Mousa al-Rubaian, managing director of the state-owned National Company for Co-Operative Insurance (NCCI), told MEED in a mid-July interview that a large number of foreign companies are likely to move into the Saudi insurance market after the legislation has been approved.
‘When the law is passed, I think foreign insurance companies will restructure their presence in the kingdom by setting up local companies, rather than working from Bahrain through a local agent,’ Al-Rubaian said. ‘I think most will choose to do so, because with the new laws Saudi Arabia will be by far the biggest market in the Middle East.’
The new law, which is now under discussion by the Majlis al-Shoura (consultative council), is expected to be implemented this year, said Al-Rubaian. It will cover the operating regulations for insurance companies and set up a supervisory body, probably through the Saudi Arabian Monetary Agency (central bank).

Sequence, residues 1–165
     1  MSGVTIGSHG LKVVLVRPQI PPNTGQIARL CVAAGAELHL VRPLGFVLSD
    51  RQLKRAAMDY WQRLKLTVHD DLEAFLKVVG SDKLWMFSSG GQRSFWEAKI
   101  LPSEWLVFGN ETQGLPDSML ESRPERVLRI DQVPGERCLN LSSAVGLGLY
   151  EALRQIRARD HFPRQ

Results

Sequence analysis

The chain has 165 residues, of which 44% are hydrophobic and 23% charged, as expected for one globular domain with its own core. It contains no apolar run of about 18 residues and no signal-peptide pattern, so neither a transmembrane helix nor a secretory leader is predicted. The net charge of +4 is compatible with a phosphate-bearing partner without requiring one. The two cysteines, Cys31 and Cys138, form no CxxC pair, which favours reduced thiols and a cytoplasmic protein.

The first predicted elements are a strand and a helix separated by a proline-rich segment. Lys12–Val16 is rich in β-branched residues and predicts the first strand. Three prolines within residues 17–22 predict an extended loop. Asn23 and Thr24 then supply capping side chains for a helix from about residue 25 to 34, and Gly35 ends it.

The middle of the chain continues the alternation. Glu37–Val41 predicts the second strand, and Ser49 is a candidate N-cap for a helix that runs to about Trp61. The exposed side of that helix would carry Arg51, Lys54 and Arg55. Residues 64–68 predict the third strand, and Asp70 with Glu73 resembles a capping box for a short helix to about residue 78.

NCCI is currently the kingdom’s only licensed provider of insurance services. Local companies also offer unofficial and often unreliable products, while foreign companies offer de facto insurance products dressed up as investment plans. Legislation making health insurance and third-party car insurance mandatory has already been passed, but cannot be fully implemented until the insurance sector is large enough to cope with demand.
‘The most important development in the sector is the passing of this law,’ said Al-Rubaian. ‘The other laws may face difficulty if no other insurance companies are qualified to participate. Under the present system, foreign companies are also often unwilling to become involved because the legal boundaries of their participation are not entirely clear.’